The episode in which we get off to a slow start, Google acquires VR gurus Owlchemy Labs, Amazon introduces the Echo Show and Prime Live Events, Wanda’s Legendary loses another figurehead, and Amazon Prime Video has landed 40 SXSW selections. In bigger news, Cannes changes their criteria for festival selections after streaming titles have joined the Palme d’Or race and Microsoft unveils their “mixed reality” controllers. Plus, the need for VR standards, vertical cinema, contemporary films’ monochromatic agenda, Tupac movies, Donald Glover’s animated FXX Deadpool show, classical film theory, and Judge Dredd.
The episode in which we find a new sense of purpose since we now have a Patreon supporter (!!!), Annapurna continues to make groundbreaking moves, Universal is adapting Gears of War, Hellboy is getting a reboot, and HBO is leaving Amazon Prime while working on Game of Thrones spinoffs. In bigger news (00:42:00), Charter joins Comcast in the quest for full communication exposure (via wireless), Hulu with Live TV is finally a thing, YouTube is making free shows with big stars, Twitter lands a plethora of live content, and what this all means in our evolving digital landscape. Plus, cheap beer, a Danny DeVito/Jeff Goldblum Amazon comedy, physical vs digital media collections, and Oculus takes one further step away from VR dominance (1:40:00).
The episode in which 100 being the ending seems more and more realistic, lots of tryhard social network lamestars got dupped by Ja Rule and his doomed Bahamian luxury music outing and the Seth Rogen/Lonely Island flick that might share a similar premise, we try to make sense of unions and the impending WGA strike, lots of Disney flicks get dates, Time Warner’s DC streaming service, and Amazon’s Echo Look. Plus, Jeff Goldblum in Jurassic World 2, Logan going black and white, Night Trap turns 25, M. Night’s Unbreakable sequel, what David Fincher, Damien Chazelle, Ang Lee, and Paul Verhoeven are working on next, Innaritu on VR, Abu Dhabi’s Warner Bros World, social network holidays, and deets on Netflix’s next Adam Sandler flick.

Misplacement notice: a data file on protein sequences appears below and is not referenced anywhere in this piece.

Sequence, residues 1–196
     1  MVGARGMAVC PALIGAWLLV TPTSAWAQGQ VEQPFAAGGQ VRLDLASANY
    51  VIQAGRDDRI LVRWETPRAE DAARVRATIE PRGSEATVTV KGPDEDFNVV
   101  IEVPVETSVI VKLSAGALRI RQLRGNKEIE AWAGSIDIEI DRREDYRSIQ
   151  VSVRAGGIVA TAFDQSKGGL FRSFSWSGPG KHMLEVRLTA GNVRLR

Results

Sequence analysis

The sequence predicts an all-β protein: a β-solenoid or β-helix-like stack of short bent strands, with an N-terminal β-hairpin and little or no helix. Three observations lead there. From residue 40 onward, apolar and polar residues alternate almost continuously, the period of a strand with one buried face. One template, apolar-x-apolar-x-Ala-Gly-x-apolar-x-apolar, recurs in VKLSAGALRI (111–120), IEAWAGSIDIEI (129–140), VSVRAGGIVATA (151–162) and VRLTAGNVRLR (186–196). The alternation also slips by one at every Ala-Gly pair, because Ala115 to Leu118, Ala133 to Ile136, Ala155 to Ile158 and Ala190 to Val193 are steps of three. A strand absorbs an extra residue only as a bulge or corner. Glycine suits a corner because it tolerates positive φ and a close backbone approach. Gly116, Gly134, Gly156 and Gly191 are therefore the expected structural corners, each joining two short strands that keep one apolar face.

The episode in which Batfleck leaves the director’s chair, Smodcast turns 10, I forget what week it is, IMDb is abandoning its message boards, directors move around, and The CW’s DC footprint is getting bigger. Steve caught 28 Days Later on 35mm, caught up on Train to Busan, and saw I’m Not Your Negro; while I saw Manchester by the Sea, The Edge of Seventeen, and NBC’s Powerless. Plus, the UC Berkeley violent protest against free speech, Zenimax successfully sued Oculus for stealing their resources, Sony’s Playstation VR gets brighter as Sony Pictures looms in uncertainty, Snapchat grows up, and how Vizio’s spying on you might shake up FCC standards again.
The week in which I share another story about my car getting in the way of recording an episode, Nintendo might be joining the VR game, I once again share my thoughts on the future of virtual reality, as well as telling about my screenings of Nerve and Demolition, while Steve spares me his reviews of Oscar contenders to talk H.G. Wells’s Things to Come.
In bigger news, Yahoo has been hacked once again this year, David Ayer is returning to direct DC’s Gotham City Sirens movie, we talk the possibility of Bright breaking streaming out from direct to DVD faire into the “New New Hollywood,” Fox and Facebook join the vertical integration party, Comcast makes a push for Enhanced Movie Extras on streaming, Twitch adds IRL live streaming, and the DoT sets the future for autonomous cars.
The episode in which Skype really tried to fuck our groove up, Kanye is out the hospital/Fidel is still dead, I tell you about my time at Playstation Experience 2016, Netflix finally allows users to download content, an update on Nintendo at Universal Studios, I share reviews on A Case of You, Save the Last Dance, and Sky High while Steve talks The Running Man, Too Late, and finally James Bond which spirals into a saga about 007. Plus, DirecTV Now and Amazon Prime Channels amplifying cord cutting, what zero rated data aka free streaming means for the internet, the importance of Wikipedia, the future of the home video experience revisited, Wanda building itself bigger in Hollywood as tinseltown looks to grow elsewhere, and what conglomeration means to us.
The week in which we share our Thanksgiving/Black Friday events, Legendary snatched Dune rights, I rewatched Step Up because its sixth installment is going to be Chinese, Steve caught Arrival, Somewhere in Time, and The Lunchbox (one of my faves of 2014), Amazon might be getting into the live sports game, our roadmap for the end of cable, and Dave Chappelle joins Chris Rock for big Netflix dollars. Plus, Tesla is going to power an entire island with clean energy, Alt-right douchebags becoming nazis, a Dick Cheney biopic, Deadpool 2 and comedy sequels being lazy, and Snowpiercer becoming a TNT show.